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Alain de Benoist’s L’homme qui n’avait pas de père (The Man Who Had No Father) is an extensive study of the historical Jesus. The book examines the life of Jesus, including his family, his teachings, his place in Jewish society, and more. In this interview, de Benoist discusses his book and the process of investigating the life of Jesus. He explains his reasons for rejecting the mythist thesis, which suggests that Jesus never existed, and talks about the origins of Jesus and where he carried out his ministry.

The Man Who Had No Father is a noteworthy contribution to the study of the historical Jesus and should not be overlooked by scholars in the field. Alain de Benoist’s distinct perspective on the topic, as previously discussed in his conversation with Thomas Molnar, is a notable feature of the book. This viewpoint has been acknowledged as a seminal reference in scholarly works on the concept of the sacred, as evidenced by Jean-Jacques Wunenburger’s recent publication Le Sacré. In this interview, Alain de Benoist offers some insights into his work.

EMMANUEL LEGEARD: Alain de Benoist, your book The Man Who Had No Father has been highly anticipated for over fifteen years by some readers since Jésus et ses frères (Jesus and His Brothers). However, many people misunderstand the purpose of this endeavour. Please briefly clarify what inspired you to write and publish this impressive work.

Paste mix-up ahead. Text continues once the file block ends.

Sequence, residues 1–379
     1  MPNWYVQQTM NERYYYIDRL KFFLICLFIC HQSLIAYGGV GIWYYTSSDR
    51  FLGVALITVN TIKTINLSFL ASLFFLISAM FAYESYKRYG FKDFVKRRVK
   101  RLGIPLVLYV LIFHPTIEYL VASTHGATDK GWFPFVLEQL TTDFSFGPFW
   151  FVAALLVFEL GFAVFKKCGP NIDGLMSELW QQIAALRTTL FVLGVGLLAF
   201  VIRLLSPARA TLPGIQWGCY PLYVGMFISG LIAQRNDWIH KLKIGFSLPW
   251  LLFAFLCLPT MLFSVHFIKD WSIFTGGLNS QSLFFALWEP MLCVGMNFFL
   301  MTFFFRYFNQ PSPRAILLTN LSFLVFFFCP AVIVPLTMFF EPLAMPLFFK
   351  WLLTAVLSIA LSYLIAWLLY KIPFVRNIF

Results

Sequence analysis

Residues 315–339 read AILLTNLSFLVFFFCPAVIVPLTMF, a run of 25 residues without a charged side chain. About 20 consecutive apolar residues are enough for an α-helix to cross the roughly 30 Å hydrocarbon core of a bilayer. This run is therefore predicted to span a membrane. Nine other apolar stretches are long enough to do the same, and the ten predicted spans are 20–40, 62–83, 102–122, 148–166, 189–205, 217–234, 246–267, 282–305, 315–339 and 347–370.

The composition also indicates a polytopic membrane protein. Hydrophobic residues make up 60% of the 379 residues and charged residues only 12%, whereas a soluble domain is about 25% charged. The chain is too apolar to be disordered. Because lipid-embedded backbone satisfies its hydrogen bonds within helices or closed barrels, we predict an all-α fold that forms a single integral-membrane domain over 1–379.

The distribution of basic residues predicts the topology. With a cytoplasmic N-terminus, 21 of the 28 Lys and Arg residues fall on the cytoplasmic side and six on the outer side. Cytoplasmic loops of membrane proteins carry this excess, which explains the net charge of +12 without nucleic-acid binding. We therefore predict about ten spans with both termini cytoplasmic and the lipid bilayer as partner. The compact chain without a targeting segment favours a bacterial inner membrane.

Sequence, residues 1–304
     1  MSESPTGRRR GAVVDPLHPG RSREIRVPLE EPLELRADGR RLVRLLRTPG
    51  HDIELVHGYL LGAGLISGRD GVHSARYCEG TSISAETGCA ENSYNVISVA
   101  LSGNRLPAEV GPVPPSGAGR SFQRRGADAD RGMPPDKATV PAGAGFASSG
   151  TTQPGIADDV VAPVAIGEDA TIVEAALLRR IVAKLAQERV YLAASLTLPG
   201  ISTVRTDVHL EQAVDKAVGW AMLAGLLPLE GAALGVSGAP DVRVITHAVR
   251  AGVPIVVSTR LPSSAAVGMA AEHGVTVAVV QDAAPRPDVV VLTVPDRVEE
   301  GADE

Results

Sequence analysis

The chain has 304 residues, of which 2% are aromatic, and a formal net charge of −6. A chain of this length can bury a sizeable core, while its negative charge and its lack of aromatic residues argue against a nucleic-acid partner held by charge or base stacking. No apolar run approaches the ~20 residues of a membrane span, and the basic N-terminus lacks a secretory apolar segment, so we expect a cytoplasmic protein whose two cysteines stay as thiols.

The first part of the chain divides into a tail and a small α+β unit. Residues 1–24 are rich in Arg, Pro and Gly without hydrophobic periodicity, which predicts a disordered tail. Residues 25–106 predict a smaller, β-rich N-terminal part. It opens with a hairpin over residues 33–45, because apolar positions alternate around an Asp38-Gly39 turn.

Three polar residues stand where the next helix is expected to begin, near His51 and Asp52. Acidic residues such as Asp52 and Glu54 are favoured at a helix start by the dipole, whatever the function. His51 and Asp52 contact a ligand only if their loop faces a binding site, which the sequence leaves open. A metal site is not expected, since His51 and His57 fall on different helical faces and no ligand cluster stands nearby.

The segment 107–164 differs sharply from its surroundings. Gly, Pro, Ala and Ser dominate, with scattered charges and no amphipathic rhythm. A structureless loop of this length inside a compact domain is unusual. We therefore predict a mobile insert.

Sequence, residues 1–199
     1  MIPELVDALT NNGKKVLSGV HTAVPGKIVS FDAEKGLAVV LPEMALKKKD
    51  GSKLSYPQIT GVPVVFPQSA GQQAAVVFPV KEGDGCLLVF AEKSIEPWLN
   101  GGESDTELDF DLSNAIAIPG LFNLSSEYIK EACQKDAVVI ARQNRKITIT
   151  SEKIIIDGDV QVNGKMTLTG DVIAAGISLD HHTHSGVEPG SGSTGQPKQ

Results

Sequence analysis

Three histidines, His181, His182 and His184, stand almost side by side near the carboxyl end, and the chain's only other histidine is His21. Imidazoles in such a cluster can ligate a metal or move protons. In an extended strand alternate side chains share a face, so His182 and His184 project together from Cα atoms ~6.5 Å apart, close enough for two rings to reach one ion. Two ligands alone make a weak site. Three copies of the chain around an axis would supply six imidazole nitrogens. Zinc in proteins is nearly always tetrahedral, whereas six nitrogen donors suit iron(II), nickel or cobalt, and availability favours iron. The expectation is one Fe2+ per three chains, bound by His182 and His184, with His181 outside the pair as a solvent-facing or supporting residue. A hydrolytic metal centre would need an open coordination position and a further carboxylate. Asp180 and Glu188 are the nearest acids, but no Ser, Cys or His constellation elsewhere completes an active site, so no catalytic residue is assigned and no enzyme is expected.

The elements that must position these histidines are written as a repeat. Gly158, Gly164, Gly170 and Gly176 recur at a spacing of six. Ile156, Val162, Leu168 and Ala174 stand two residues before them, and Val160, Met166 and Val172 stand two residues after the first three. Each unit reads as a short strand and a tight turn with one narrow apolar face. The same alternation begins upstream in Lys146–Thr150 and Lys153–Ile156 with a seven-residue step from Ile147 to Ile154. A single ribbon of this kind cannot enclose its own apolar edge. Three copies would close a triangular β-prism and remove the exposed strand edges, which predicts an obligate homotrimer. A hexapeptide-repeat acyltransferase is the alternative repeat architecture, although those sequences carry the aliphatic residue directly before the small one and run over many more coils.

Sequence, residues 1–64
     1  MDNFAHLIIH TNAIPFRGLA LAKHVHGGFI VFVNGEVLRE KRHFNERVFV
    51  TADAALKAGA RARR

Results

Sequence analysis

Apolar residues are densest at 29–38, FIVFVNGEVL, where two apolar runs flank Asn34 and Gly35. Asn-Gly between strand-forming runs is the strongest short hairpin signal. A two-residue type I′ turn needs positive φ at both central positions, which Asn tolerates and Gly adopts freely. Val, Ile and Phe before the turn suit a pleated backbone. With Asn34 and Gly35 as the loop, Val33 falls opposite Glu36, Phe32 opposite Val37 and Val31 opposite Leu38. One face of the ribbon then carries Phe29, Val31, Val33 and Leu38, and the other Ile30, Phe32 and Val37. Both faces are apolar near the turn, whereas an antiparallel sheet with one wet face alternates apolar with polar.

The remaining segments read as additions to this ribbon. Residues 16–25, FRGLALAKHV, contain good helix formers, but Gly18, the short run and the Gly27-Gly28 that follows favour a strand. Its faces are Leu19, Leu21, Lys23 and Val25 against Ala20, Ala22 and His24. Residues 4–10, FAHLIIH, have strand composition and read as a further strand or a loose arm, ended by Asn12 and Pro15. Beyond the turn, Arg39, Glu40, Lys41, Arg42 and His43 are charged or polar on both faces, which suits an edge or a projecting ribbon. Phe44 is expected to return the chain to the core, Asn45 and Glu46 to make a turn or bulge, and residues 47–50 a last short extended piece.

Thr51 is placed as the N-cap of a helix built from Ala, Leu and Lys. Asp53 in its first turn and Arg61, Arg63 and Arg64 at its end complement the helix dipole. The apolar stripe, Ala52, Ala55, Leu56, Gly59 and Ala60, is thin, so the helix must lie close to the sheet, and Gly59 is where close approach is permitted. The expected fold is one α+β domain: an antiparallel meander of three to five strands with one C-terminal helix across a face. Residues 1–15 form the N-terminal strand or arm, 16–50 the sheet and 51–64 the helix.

ALAIN DE BENOIST: For more than fifty years, my interest has been drawn towards the inquiry of the origins of Christianity, particularly the persona of Jesus. Numerous publications have been dedicated to this subject, varying from serious exegesis to impractical hypotheses and devotion-driven books...

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Alain de Benoist

Alain de Benoist is the leading thinker of the European ‘New Right’ movement, a school of political thought founded in France in 1968 with the establishment of GRECE (Research and Study Group for European Civilisation). To this day he remains its primary representative, even while rejecting the label ‘New Right’ for himself. An ethnopluralist defender of cultural uniqueness and integrity, he has argued for the right of Europeans to retain their identity in the face of multiculturalism, and he has opposed immigration, while still preferring the preservation of native cultures over the forced assimilation of immigrant groups.

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